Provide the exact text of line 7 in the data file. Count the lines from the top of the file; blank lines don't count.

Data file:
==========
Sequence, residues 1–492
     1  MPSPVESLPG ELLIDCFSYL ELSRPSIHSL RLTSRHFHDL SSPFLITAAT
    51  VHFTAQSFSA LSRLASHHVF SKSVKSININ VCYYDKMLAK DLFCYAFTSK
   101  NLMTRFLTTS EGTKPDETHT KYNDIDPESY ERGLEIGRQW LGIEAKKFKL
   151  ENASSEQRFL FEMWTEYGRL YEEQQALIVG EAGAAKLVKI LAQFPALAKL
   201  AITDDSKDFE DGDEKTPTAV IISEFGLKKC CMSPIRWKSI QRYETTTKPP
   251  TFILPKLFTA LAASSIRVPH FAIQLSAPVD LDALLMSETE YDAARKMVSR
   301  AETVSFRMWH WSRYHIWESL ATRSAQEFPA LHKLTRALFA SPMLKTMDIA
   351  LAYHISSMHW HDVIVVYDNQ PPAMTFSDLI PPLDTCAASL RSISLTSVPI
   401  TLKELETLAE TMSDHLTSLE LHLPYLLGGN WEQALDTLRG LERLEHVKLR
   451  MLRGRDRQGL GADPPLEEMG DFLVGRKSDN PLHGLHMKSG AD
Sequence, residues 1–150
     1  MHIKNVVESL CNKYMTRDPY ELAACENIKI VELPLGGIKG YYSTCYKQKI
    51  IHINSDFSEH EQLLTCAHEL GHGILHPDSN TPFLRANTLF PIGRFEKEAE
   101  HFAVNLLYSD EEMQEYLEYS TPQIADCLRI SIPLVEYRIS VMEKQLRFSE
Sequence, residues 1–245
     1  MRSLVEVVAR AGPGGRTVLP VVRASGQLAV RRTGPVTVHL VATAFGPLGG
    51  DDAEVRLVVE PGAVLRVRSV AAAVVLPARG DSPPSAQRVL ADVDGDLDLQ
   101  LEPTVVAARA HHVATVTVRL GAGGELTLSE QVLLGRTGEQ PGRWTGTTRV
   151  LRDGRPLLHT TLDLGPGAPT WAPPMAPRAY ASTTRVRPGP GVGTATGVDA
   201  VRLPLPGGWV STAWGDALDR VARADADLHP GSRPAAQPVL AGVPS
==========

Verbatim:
   251  TFILPKLFTA LAASSIRVPH FAIQLSAPVD LDALLMSETE YDAARKMVSR